February 15, 2017
Adopting a pose familiar to anyone who has met her, Pam Shockley-Zalabak peers over the top of her glasses and studies the expanse of the landscape she’s helped shape.
On the top floor of the administration building, her Office of the Chancellor overlooks an evolving swath of the University of Colorado at Colorado Springs campus.
“My favorite memory?” she repeats in response to the question. “I have so many.”
Her mind races through the past 15 years of her tenure as chancellor, then takes a sharp turn south, to the ’70s.
The roads around the Cragmor neighborhood were dirt when she arrived in Colorado Springs from Oklahoma.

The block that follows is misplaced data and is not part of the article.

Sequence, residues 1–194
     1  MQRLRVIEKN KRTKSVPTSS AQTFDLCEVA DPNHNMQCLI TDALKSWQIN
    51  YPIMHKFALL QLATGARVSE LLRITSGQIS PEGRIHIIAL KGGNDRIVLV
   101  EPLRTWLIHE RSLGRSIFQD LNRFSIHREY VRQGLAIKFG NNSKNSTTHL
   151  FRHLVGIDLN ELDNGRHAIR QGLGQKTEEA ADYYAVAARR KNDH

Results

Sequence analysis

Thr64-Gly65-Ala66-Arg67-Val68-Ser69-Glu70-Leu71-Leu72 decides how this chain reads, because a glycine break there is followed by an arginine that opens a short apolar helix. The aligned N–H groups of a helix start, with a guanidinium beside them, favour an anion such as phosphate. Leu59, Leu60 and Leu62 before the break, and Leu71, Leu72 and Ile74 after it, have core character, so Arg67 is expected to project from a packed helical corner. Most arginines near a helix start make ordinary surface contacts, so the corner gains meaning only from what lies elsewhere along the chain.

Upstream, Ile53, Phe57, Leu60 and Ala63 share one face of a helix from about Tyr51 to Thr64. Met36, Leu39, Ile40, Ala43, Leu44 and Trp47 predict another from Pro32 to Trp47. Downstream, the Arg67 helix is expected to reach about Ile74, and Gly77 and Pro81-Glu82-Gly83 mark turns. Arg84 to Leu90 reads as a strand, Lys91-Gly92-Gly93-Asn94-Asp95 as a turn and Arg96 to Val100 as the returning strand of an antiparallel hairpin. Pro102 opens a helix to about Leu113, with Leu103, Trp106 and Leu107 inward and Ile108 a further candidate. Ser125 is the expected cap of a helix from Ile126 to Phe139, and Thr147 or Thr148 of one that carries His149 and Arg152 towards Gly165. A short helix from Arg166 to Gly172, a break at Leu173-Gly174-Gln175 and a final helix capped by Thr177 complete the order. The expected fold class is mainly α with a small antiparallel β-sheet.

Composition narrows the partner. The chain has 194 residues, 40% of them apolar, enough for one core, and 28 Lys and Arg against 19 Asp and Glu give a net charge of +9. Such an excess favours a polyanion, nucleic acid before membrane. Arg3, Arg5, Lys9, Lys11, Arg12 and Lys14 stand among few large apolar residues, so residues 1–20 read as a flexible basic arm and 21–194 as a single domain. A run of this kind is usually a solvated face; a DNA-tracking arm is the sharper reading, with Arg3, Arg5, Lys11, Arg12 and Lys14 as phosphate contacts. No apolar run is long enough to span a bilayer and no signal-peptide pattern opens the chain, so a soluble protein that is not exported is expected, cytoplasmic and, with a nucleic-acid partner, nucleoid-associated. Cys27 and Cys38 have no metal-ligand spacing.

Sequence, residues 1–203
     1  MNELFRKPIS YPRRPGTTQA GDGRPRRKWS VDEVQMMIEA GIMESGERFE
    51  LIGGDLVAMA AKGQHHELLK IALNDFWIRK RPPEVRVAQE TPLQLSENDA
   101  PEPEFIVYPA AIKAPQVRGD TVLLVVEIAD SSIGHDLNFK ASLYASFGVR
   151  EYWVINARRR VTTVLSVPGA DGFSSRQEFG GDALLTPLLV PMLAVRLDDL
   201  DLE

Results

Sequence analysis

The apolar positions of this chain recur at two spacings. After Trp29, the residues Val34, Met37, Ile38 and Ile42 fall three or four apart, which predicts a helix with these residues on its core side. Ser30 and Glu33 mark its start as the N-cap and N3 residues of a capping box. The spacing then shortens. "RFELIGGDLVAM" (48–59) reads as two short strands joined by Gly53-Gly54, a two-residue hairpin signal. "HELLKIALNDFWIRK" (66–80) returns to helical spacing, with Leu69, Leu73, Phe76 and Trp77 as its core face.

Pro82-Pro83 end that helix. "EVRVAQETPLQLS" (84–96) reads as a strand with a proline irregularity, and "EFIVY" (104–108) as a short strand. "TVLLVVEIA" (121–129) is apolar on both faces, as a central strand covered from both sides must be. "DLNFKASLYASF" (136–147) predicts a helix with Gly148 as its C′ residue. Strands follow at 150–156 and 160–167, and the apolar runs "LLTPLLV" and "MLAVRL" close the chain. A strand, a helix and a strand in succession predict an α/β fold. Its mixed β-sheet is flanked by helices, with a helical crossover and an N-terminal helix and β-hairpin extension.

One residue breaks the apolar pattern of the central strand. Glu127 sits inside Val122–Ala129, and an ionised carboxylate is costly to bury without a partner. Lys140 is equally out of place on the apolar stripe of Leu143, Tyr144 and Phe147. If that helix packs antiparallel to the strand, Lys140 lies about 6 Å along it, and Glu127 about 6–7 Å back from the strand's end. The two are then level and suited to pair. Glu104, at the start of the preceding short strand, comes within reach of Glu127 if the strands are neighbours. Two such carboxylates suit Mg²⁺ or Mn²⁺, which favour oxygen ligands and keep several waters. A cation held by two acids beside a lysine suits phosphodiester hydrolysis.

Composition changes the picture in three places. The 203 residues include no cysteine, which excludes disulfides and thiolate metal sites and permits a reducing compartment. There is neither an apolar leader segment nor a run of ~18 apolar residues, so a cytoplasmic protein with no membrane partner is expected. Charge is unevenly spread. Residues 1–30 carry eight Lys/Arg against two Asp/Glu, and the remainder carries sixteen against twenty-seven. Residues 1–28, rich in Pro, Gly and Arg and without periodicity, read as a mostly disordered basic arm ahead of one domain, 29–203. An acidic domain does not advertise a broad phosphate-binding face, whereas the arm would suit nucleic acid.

She began teaching communication courses in January 1976 at the young commuter school occupying a former tuberculosis sanitorium.
Classes were held at night.
“My first class was in a trailer with no heat,” she recalls. “All 98 students wore their coats and gloves, and I thought, ‘What have I done?'”
Forty-one years later, Shockley-Zalabak couldn’t imagine her life’s history book without the voluminous chapters of her time at UCCS.
“I look around now, and it has changed a lot, and I love to be a part of that because this region needs a comprehensive university,” she says. “If you cut the state in half at Castle Rock, we are the only comprehensive regional research university with master’s and doctoral programs in that half of the state. And we take that very seriously.”
Shockley-Zalabak began packing her office a few weeks ago and on Wednesday will walk out of it for the last time. She’s retiring as the 52-year-old campus’ 10th and longest-tenured chancellor, marking what many are calling the end of an era.